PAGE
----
Marcus Wesson: Control, Incest and Murder
"How can I protect them if they didn't tell me? They never told me anything," she told the court.
When the girls' bellies started to swell, she said didn't ask who the fathers were. Her excuse? Her own mother had 10 kids with three different men and her sister had seven children with various men — she considered it "mean and rude" to ask about fathers, she told the courtroom.
On the witness stand, Elizabeth Wesson looked at her husband before speaking, as if for direction, and was scolded for it by Gamoian. She covered her face with her hands, sobbing under the prosecutor's rapid fire questioning, and several breaks were called to allow her to regain her composure.
The publicity from the case had made her the object of ridicule and had torn apart her family, Elizabeth Wesson said; she often was forced to sleep in her car.
Gamoian depicted Marcus Wesson as a master manipulator who brainwashed his daughters and nieces into thinking it was normal to have sex with him. He limited their access to education and the outside world until he had complete financial, physical and emotional control over their lives, she said, and convinced them that death was preferable to police interference with the family.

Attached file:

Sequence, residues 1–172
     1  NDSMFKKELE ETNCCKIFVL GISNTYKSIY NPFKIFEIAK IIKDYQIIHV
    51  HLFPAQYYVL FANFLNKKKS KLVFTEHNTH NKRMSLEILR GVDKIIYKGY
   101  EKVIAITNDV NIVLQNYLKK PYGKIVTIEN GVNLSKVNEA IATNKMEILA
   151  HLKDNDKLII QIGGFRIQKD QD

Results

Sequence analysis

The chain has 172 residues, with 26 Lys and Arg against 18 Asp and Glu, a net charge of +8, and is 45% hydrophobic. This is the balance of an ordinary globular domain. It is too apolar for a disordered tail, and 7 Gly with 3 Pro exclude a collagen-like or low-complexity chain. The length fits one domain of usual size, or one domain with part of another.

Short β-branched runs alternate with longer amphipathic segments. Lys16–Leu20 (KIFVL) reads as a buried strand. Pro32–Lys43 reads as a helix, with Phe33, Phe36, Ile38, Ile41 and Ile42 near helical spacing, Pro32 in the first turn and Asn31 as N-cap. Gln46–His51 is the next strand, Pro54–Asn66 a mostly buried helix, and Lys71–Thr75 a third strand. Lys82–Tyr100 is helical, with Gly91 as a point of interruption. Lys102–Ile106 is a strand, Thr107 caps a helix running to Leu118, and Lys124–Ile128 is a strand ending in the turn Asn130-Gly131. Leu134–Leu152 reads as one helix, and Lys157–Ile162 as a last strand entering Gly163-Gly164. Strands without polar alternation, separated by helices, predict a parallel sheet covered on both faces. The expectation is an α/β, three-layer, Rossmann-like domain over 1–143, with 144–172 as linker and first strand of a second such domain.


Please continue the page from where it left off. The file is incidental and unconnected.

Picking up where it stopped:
The women's brothers, who were segregated from their sisters at an early age and left home long before the murders, also spoke out about their father in court.
Adrian Wesson, 29, was also suspicious.
"The (babies) looked like my father," Adrian told the jurors. In particular, they'd inherited Marcus Wesson's distinctive pug nose.
Another son, Dorian, 30, called his father "insane" because he thought he was Jesus Christ and believed in vampires, but also described him as highly intelligent.